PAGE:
12 pigs euthanized after positive parasite tests

Owner of quarantined Carroll farm says animals are not his


Twelve pigs believed to have wandered from a quarantined Carroll County farm have tested positive for one or two parasites that are contracted by eating raw, diseased meat, officials from the Maryland Department of Agriculture said yesterday.

All 12 pigs were euthanized and at least three others found on a neighboring property should be put down, said Sue duPont, a state agriculture spokeswoman.

The farm's owner maintains that the pigs are feral and not his.

"We don't want any chance of anything going into the human food chain if they were sold," duPont said.

Five of the pigs trapped outside the farm in Marston in western Carroll County tested positive for trichinosis, a deadly disease caused by a parasitic worm. Trichinosis has all but been eradicated from the nation's food supply, agriculture experts said.

Nine of the pigs had toxoplasmosis, a more common parasite sometimes contracted from ingested cat feces, according to the national Centers for Disease Control and Prevention.

An additional pig that was confiscated from the Marston farm tested negative for both trichinosis and toxoplasmosis, duPont said.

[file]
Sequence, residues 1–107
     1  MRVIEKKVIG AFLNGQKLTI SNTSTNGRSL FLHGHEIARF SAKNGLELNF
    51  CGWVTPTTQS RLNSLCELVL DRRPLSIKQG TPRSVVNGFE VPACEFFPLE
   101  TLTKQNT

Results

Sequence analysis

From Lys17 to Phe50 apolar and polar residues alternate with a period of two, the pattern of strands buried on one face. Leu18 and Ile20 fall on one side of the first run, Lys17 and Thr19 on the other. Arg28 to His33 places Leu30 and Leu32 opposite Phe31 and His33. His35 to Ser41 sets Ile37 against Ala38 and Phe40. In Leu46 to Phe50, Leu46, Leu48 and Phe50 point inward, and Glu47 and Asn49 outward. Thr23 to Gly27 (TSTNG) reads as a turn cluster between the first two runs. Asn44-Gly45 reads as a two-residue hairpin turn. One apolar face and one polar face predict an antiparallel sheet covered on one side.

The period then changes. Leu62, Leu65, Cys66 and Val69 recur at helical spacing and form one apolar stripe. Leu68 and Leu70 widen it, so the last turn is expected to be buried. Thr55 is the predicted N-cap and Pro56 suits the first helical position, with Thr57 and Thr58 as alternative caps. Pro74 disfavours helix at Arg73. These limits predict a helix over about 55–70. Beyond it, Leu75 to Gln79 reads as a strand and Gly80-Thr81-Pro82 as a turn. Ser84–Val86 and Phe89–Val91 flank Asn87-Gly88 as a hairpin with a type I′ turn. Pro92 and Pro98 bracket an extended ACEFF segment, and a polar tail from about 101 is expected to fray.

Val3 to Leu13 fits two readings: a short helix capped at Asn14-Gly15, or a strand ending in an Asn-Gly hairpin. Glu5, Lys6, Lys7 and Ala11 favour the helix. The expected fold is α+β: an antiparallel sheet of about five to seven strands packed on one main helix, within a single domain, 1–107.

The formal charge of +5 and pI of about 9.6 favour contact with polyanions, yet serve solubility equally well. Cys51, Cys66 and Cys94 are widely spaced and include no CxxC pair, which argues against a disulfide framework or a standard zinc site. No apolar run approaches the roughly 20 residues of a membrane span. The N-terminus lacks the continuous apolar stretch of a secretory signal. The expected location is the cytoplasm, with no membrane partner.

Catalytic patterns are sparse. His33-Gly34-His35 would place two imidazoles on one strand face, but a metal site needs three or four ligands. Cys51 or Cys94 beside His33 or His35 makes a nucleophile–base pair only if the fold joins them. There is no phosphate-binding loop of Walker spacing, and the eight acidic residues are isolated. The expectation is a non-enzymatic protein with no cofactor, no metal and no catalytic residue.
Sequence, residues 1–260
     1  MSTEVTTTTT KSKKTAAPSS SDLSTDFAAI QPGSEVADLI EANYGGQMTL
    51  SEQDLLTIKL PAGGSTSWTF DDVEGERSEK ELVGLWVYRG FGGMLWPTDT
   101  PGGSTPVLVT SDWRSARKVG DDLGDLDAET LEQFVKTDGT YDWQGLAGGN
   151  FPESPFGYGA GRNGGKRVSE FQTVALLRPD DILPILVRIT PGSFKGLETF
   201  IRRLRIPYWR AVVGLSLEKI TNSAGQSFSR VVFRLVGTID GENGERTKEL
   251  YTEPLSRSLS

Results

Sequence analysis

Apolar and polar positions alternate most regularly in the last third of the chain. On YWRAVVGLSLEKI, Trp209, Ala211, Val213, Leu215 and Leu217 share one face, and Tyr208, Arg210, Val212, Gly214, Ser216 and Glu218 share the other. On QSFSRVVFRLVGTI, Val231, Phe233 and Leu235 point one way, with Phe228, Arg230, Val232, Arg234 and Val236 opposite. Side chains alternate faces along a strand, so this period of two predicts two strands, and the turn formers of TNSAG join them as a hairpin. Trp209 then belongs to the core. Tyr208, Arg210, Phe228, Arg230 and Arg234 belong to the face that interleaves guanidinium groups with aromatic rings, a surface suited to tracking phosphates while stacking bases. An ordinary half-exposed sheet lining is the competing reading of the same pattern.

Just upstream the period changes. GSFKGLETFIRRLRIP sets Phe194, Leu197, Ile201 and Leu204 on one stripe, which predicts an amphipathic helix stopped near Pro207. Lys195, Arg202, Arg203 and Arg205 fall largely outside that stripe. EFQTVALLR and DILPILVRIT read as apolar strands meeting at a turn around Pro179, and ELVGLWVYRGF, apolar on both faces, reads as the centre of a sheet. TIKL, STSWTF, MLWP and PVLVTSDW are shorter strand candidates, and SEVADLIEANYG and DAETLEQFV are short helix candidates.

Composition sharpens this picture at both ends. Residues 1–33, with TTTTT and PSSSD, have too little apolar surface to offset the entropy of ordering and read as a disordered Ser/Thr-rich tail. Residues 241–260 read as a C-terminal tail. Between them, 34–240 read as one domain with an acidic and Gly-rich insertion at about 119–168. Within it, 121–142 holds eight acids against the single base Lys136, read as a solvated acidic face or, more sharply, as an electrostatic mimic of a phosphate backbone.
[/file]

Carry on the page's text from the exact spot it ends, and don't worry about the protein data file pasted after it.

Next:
State veterinarians will test the remaining pigs that are kept on the 112-acre farm, owned by Carroll Schisler Sr., 60, of the 2500 block of Marston Road and supervised by his son, Carroll Schisler Jr., 34.

Through their attorneys, both men have maintained that the animals did not contract the diseases while in their care.

The two have been arrested on a 19-count indictment that included charges of animal cruelty, feeding garbage to swine and selling contaminated meat.

They also face federal charges of operating a slaughterhouse without a license from the U.S. Department of Agriculture.

Humans can contract trichinosis and toxoplasmosis from eating undercooked, contaminated meat, according to the CDC.

However, agriculture officials have said customers probably haven't purchased or consumed pork from the Schisler farm since it was quarantined in early April.


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